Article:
Posted on behalf of David Conant - Principal User Experience Designer:
A product like Revit that is moving from adolescence to early maturity needs to revisit its roots periodically to make sure that it is not coasting on early glory. To illustrate, let me turn on the time machine.
The scene: An architect’s office late 1999.
The action: I am demonstrating a Beta build of Revit 1.0. On screen we see a floor plan, an elevation, and a window schedule. In the floor plan, I add a window. It appears immediately in the elevation and a new line appears on the schedule listing an instance of Window Type 2. I delete another window from the elevation and it disappears from the schedule and plan.
The reaction: “That’s amazing, I love it. Checking window schedules is so tedious. Now how do I put the window type symbol in the schedule? No? I’m going to hate that. What about adding comments or shading every other line? That can’t be hard. I’m sure you’ll fix it soon.”
Now: It’s 2012. Revit schedules can do much more than they did in 1999. You can add new properties, perform some calculations, and group header cells together. Unfortunately they don’t provide full control over cell format, won’t schedule a generic model component, or display a window tag. “You’re killing me” I hear.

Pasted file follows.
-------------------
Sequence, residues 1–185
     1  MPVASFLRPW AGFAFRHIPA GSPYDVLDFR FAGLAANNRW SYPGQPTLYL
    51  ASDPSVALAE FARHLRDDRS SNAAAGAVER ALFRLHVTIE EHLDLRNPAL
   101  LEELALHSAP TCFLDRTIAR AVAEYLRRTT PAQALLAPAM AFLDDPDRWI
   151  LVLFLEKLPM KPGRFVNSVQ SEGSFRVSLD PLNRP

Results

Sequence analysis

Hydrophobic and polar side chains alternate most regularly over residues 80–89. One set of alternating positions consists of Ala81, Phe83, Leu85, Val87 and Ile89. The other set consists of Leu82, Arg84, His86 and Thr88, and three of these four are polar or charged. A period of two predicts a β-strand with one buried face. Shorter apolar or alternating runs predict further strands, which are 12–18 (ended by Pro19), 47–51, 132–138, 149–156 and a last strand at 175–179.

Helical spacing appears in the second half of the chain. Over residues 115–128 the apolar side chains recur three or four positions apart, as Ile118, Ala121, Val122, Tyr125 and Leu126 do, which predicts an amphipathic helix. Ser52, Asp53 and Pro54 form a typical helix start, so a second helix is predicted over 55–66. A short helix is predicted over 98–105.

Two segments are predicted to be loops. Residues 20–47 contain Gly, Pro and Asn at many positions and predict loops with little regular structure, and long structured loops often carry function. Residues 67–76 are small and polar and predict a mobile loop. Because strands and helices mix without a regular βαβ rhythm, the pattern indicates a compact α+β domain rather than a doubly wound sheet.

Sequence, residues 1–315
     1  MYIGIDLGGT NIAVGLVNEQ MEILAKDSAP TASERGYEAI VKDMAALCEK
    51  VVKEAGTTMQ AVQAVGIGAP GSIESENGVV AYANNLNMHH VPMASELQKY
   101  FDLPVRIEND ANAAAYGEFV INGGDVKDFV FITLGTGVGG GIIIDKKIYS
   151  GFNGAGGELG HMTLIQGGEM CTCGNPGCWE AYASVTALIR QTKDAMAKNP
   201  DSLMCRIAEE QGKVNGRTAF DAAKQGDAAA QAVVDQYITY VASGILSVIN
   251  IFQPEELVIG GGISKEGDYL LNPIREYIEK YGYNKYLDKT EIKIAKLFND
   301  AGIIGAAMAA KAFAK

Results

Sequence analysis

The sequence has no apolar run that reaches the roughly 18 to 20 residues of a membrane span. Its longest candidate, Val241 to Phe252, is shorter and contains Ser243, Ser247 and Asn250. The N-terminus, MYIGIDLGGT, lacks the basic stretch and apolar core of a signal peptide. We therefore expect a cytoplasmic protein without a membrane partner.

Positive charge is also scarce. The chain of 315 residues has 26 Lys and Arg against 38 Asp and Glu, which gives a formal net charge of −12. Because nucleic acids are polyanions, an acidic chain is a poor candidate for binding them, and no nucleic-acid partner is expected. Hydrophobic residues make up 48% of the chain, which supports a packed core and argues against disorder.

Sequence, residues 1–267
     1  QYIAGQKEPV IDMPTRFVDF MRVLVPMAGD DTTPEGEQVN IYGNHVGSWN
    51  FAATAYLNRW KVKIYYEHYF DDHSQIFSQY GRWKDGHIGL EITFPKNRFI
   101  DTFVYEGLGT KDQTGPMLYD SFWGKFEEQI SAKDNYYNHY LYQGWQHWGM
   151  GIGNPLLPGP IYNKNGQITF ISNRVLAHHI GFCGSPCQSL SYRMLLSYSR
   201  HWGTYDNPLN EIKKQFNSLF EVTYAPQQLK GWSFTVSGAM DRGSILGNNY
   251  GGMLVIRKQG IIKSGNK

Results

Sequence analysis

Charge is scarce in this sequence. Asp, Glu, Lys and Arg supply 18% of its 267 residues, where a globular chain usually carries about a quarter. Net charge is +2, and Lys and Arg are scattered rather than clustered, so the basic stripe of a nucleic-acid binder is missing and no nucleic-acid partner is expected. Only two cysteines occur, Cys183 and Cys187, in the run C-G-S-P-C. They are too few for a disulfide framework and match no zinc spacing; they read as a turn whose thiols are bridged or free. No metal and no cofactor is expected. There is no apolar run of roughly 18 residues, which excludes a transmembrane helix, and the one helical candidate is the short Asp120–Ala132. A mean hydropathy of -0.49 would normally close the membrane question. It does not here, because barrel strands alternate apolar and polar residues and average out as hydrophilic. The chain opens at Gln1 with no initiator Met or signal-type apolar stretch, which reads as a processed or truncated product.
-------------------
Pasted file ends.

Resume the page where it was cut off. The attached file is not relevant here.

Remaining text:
Schedules and related elements such as Legends, Takeoffs, Lists, or Reports are powerful and highly useful features of Revit. They do, however, have a number of limitations both in the data that can be presented and how it is presented. Some are the result of constraints imposed by current interface tools, others reflect deeper issues in the Revit data structure and regeneration engines. To build a better picture of how the tools should be working, the AEC User Experience team is studying schedules and related non-graphical data display tools.
As one part of this research effort, I am gathering information on how you use or want to use schedule and schedule like methods in your work. If you are interested in helping us in this, I have provided a link to a short survey focused on your usage and a request for you to share image samples of what you are doing. Samples of real work are an important part of our research. They will be used as test cases and help us illustrate themes as we explore methods to increase flexibility and capability. They need not be confined to what you can currently produce in Revit. Examples of what does not work well or appear correctly in Revit are more useful than what worked well.